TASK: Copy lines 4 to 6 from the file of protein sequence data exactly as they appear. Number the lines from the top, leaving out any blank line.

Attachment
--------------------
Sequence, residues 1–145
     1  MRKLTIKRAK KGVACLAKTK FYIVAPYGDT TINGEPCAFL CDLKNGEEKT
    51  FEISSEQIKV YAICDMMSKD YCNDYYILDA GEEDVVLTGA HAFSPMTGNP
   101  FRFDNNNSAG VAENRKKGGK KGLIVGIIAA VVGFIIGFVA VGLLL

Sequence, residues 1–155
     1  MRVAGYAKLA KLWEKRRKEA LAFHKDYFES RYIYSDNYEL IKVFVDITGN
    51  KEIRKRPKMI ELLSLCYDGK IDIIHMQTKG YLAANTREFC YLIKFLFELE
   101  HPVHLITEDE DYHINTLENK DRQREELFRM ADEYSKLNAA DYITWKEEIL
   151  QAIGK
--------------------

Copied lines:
   101  FRFDNNNSAG VAENRKKGGK KGLIVGIIAA VVGFIIGFVA VGLLL

Sequence, residues 1–155
     1  MRVAGYAKLA KLWEKRRKEA LAFHKDYFES RYIYSDNYEL IKVFVDITGN